What was the difference? The three young men who were to be burned at the furnace were being rewarded for their faithfulness to God. The scribes and the Pharisees were being condemned because of the rigidities and faithfulness to rules.

Rules cannot save us. Only God can save us. The three young men saw that, while the scribes and the Pharisees failed to see it.

What about us, dear brothers and sisters? Do we realize that it is only God whom we should follow and serve? It is only God who can save us. The EDSA Shrine, as a place, cannot save us, only God can. No formula of reading material can save us, only God can save us.

Yet, isn’t it true that we are not very far from what the scribes and Pharisees did, because we allow our hearts and eyes to be set, for example, our priest, places, rules and reading materials? We go to Mass because of a priest. We go to a Church because we find it beautiful. We pray because we like what we’re reading and it makes us feel good.

Brothers and sisters let us open our eyes to reality. Fr. Soc, Fr. Henry, Cardinal Sin and not even the Pope can save us. Only God can save us. No people, books, formulas, rituals can save us. They can only save us in relation to God. Let us not allow any of these people or things to stand between us and God. Can you see beyond the people, the rituals, the reading materials, and see the face of God. (Socrates Villegas, Jesus Loves You, pp. 54-55)


Wednesday of the 5th Week of Lent (A): John 8:31-42. Are we free or slaves? The Jews were confident in saying, “We are descendants of Abraham and have never been enslaved to anyone.” But, Jesus said to them, “I say to you, everyone who commits sin is a slave of sin.” We don’t easily understand that sin enslaves the sinner. Sin can give us pleasure, but it can also enslave us. Often, we are so focused on the pleasure that goes with sinning, but we fail to notice the hand of the evil one whose only wish is to bring us harm. We don’t like to be controlled or forced by anyone. But that is what the devil is doing to us by getting us into the habit of sinning. Jesus offers us a way out: “If you remain in my word, you will truly be my disciples, and you will know the truth, and the truth will set you free.” (Abet Uy)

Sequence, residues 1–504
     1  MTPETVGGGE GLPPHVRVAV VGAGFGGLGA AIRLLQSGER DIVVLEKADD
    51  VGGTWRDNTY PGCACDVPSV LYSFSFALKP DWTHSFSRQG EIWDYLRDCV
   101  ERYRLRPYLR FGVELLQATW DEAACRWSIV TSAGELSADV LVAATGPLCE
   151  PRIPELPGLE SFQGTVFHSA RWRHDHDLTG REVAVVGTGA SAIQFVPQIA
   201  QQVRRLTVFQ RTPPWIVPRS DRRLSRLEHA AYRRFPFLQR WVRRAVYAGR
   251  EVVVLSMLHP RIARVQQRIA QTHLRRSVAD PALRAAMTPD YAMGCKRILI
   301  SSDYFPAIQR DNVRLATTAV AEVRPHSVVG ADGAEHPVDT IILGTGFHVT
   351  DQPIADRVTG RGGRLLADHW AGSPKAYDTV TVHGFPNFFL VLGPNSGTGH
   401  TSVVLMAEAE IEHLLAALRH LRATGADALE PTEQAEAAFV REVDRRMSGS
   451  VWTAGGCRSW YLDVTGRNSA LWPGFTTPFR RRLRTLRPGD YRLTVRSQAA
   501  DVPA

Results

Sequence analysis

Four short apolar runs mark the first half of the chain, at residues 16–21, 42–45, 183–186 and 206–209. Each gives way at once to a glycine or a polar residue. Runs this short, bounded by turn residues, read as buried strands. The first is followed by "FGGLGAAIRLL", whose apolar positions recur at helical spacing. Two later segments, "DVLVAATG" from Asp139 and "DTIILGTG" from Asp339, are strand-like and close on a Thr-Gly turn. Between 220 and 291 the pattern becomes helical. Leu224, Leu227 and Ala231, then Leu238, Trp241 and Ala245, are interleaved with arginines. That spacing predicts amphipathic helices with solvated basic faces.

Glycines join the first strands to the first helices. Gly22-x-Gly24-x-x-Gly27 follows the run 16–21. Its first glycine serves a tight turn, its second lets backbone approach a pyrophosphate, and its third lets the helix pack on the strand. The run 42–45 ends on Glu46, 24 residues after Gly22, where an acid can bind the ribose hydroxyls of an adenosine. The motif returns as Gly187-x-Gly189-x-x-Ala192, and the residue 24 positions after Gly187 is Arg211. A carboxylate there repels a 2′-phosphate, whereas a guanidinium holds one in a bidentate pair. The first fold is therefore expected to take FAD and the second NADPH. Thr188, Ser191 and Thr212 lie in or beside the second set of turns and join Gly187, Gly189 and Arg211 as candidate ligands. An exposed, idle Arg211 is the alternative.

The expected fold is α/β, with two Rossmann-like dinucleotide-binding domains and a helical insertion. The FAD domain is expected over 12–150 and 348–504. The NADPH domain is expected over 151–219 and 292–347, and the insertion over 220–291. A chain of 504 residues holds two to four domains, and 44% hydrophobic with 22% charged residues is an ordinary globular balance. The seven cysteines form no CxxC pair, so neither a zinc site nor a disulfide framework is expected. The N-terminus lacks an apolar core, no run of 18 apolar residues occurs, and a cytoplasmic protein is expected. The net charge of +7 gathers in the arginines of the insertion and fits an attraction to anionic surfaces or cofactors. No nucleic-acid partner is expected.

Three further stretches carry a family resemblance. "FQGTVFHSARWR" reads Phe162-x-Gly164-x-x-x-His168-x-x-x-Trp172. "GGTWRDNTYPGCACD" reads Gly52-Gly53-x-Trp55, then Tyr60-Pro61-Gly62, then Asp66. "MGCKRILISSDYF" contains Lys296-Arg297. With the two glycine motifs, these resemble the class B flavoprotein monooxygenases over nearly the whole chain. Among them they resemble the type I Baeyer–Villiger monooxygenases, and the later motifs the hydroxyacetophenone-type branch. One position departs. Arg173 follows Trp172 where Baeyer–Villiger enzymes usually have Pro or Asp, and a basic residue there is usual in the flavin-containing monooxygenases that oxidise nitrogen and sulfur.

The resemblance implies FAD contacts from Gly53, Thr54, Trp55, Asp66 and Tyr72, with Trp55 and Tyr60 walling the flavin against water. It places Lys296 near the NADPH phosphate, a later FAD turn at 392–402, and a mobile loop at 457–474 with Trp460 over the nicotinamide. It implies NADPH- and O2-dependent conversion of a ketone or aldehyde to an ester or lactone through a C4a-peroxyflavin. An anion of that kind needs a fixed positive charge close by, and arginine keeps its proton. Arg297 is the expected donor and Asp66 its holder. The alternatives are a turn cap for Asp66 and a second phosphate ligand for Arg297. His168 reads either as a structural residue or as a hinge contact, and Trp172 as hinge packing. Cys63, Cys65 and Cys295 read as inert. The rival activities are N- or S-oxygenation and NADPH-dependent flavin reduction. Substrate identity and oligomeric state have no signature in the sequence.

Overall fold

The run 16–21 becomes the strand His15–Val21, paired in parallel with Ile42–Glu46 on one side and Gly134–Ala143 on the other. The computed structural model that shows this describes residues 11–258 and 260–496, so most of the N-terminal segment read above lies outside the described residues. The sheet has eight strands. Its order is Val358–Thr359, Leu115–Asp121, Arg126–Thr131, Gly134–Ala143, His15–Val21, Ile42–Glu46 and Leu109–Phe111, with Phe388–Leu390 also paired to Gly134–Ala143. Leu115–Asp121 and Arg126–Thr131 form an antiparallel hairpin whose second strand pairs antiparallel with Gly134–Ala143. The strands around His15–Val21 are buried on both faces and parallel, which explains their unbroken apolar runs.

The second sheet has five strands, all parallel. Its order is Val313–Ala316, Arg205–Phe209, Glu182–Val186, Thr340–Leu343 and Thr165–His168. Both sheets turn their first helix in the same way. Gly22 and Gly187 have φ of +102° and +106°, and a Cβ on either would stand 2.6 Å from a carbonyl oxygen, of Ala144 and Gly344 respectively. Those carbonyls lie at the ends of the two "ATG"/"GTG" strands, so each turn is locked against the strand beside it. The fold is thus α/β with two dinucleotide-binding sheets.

My Reflection for Wednesday April 9, Fifth Week of Lent, John 8:31-42

Reflection: What will happen to us if we give space for the words of Jesus in our hearts? Of course we will start to build that special relationship with Jesus. We will start to trust Jesus more than we trust ourselves and we will also become averse with sin.

In our first reading, Shadrach, Meshach, and Abednego trusted more on their faith in God than  obey the command of the king. They were being forced by king Nebuchadnezzar to worship his own God. But until the end the three did not follow the king’s order so they were thrown into the hot furnace yet they were not hurt because God was with them.

This is what will happen to us also if we faithfully follow Jesus, yes there would be instances of persecution. But if we remain faithful then our being persecuted is nothing compared to the glory that awaits us. If there’s glory for those who would remain faithful, why are we not faithful to Jesus? Why do we easily betray Him for the fleeting and sinful pleasures of this world?

This is so for the simple reason that we allow ourselves to succumb to the inducement of Satan. That’s how plain and simple it is, we give up Jesus for this world because we love this world more than we love Jesus.

As we approach the holiest of weeks let us reflect on how many times have we given up Jesus for the sinful pleasures of this world and what have we gained for giving up Jesus for this world? Nothing except the continuous pilling up of our problems.  This is what we gain for giving up Jesus for this world.

But there’s still hope for us all courtesy of that man on the cross. (Marino J. Dasmarinas)


DAILY SCRIPTURE TIME: “If you continue in my word, you are truly my disciples…” – John 8:31

Many years ago, part of my spiritual practice was to read Scripture every day. Our community calls it “Scripture time,” which was separate from our “prayer time.”

But it’s been several years now that I’ve considered listening to the Gospel in my daily Masses as a substitute for Scripture time. Once in a while, I would write my reflections in my journal or Companion. And when inspired, I would spend extra time to read Scripture.

But in our weekly Divine Mercy/Marian prayer meeting, the year-end message we received was to read Scripture daily, faithfully. So, I made a New Year’s resolution to restore my Scripture time. It’s been a long time since I read the Bible from cover to cover. I decided it’s time to do that again.